Space no longer ‘benign’ due to growing threats

By Association of the U.S. Army Association of the U.S. Army

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A March 5 Hot Topic at the Association of the U.S. Army took a closer look at space, the warfighting domain above land, sea and air that is increasingly crowded and filled with growing threats to the interests of the U.S. and its partners.

Just 90 days into the job as Army Space and Missile Defense Command commander, Lt. Gen. Daniel Karbler said in a keynote address that he’s already faced space-based crises involving Iranian missiles fired into Iraq at U.S. troops and Russian satellite operations that threaten U.S. space assets.

“In my 32-plus years an air missile commander, I have never seen the Space and Missile Defense Command more relevant,” Karbler said. “We have got to be prepared globally for all threats that are out there.”

New tools are coming, like the next-generation interceptor, hypersonic missiles and directed energy weapons, said Karbler, who said he had the opportunity to shoot a 50-kilowatt laser to fry a drone with the help of a 27-year-old Army engineer who used an Xbox controller for targeting. The Soldier targeted the drone, and Karbler fired a two-second blast that melted the drone.

“It was pretty darn awesome,” he said, adding that directed energy weapons hold promise in other areas.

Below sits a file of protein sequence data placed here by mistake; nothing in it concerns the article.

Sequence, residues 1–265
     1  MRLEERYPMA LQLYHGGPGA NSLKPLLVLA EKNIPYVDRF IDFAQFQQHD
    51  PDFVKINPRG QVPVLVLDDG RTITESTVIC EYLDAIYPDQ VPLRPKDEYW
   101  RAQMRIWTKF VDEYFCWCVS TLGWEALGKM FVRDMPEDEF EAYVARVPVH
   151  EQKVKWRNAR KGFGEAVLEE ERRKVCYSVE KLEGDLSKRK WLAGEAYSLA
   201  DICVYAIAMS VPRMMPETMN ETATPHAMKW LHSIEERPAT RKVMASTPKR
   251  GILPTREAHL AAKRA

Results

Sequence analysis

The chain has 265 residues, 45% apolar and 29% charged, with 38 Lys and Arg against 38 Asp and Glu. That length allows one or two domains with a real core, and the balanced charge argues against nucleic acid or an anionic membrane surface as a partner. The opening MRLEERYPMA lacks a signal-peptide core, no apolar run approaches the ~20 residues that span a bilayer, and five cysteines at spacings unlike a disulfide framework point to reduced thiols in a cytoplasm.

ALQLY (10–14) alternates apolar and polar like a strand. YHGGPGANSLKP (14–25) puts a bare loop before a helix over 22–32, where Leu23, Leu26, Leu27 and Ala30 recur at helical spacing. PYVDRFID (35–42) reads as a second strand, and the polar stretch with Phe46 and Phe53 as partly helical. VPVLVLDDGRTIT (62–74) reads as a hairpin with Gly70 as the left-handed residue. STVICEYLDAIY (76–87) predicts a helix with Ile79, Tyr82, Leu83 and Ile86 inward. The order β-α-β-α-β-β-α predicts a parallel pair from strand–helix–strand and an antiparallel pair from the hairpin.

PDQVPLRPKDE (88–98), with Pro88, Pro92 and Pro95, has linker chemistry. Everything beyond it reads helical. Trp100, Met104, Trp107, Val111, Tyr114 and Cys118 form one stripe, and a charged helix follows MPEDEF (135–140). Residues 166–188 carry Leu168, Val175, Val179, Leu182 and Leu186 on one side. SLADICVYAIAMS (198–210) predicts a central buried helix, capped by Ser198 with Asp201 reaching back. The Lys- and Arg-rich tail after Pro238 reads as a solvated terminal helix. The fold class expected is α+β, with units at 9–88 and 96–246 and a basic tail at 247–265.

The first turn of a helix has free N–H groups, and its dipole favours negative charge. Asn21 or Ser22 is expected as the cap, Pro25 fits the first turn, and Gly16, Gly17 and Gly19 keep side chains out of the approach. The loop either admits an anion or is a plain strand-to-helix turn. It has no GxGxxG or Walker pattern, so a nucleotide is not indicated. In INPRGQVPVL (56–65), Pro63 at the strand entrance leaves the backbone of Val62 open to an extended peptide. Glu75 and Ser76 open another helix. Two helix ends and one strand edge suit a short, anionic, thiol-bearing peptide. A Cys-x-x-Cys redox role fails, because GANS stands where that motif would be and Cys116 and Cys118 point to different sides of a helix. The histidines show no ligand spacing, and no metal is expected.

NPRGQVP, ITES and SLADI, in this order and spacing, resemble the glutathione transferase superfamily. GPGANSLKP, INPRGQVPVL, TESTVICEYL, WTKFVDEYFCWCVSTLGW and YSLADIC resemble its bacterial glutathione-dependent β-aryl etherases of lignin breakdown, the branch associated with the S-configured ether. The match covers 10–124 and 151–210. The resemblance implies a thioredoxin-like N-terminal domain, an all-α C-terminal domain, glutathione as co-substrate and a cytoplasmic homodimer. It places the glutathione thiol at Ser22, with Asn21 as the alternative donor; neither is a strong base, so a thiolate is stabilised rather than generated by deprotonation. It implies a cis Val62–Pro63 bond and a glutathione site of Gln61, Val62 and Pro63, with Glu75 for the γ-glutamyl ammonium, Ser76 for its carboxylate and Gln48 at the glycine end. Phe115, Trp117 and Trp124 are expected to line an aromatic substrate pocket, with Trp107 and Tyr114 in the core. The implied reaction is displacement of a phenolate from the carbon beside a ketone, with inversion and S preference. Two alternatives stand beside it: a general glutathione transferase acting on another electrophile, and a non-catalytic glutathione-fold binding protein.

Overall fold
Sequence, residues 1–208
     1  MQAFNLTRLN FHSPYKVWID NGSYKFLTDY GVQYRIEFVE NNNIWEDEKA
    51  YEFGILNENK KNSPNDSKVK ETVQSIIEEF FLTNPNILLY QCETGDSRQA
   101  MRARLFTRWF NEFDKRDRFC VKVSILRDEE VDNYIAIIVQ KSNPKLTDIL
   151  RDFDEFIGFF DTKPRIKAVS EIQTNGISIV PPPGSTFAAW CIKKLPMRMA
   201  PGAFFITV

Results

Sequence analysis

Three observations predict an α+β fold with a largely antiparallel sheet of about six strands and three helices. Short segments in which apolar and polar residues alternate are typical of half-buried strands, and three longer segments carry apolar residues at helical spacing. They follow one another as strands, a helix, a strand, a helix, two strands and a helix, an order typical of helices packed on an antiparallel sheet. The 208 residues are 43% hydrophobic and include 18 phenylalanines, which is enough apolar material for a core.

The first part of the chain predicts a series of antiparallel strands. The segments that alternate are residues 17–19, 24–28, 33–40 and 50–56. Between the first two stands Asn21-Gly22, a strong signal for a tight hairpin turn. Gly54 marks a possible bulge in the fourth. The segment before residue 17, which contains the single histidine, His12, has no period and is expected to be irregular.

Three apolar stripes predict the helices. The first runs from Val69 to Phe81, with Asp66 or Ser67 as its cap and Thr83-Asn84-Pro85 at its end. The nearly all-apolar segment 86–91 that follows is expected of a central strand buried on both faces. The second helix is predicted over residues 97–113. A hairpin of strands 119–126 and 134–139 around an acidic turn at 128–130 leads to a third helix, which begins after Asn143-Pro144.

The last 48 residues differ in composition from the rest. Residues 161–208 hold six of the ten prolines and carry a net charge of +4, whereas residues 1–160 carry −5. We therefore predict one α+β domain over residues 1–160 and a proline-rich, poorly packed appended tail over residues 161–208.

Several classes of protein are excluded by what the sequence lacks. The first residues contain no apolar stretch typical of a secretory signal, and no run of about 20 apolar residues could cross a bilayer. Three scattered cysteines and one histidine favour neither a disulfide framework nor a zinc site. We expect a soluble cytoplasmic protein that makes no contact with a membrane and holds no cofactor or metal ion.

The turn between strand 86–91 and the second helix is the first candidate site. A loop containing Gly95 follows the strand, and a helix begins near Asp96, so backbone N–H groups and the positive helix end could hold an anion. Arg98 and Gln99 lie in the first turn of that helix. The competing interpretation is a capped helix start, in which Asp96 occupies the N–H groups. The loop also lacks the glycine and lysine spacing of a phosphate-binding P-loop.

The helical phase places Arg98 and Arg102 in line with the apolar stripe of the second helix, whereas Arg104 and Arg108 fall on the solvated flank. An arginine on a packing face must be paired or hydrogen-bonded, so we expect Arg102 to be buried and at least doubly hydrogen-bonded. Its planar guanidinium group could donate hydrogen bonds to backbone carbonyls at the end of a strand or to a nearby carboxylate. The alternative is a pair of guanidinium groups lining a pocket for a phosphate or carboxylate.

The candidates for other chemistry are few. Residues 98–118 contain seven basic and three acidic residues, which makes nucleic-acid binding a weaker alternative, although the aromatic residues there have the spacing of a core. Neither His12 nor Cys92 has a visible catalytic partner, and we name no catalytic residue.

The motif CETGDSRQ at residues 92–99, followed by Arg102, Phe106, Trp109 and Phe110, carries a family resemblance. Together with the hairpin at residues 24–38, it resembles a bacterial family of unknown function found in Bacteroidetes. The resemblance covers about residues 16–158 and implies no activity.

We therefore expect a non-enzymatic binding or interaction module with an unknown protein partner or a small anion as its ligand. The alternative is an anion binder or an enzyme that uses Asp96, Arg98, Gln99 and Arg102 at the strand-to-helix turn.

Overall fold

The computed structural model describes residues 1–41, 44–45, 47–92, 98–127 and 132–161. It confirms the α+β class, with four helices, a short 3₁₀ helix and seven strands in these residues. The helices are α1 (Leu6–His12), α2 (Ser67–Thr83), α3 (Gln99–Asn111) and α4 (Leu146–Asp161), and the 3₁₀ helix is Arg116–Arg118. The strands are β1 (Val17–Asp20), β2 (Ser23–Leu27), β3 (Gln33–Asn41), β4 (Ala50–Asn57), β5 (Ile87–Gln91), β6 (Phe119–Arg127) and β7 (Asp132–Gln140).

Industry can help the Army with technology leaps, suggesting faster, cheaper and more capable systems. Industry also can help cut the time it takes to move ahead on projects by doing some testing alongside the Army rather than separately. About 90 percent of testing now done separately by industry and the Army is duplicative, Karbler said.

“Why don’t you partner with us early on and trust us that we are not going to blackball you and kick you out of the marketplace if you fail the first time” he asked.

Also speaking at the event was Lt. Gen. James Dickinson, U.S. Space Command’s deputy commander, who said it is time to recognize that space “is not a benign environment anymore. … Space is now a warfighting domain.”

“We have militarized space, but it is because our adversaries have weaponized it and are behaving just like they do in other warfighting domains,” Dickinson said. More people would understand this if they could see what’s happening. “The lack of a visible threat makes some believe it doesn’t exist,” he said.

For more information on the Hot Topic, click here.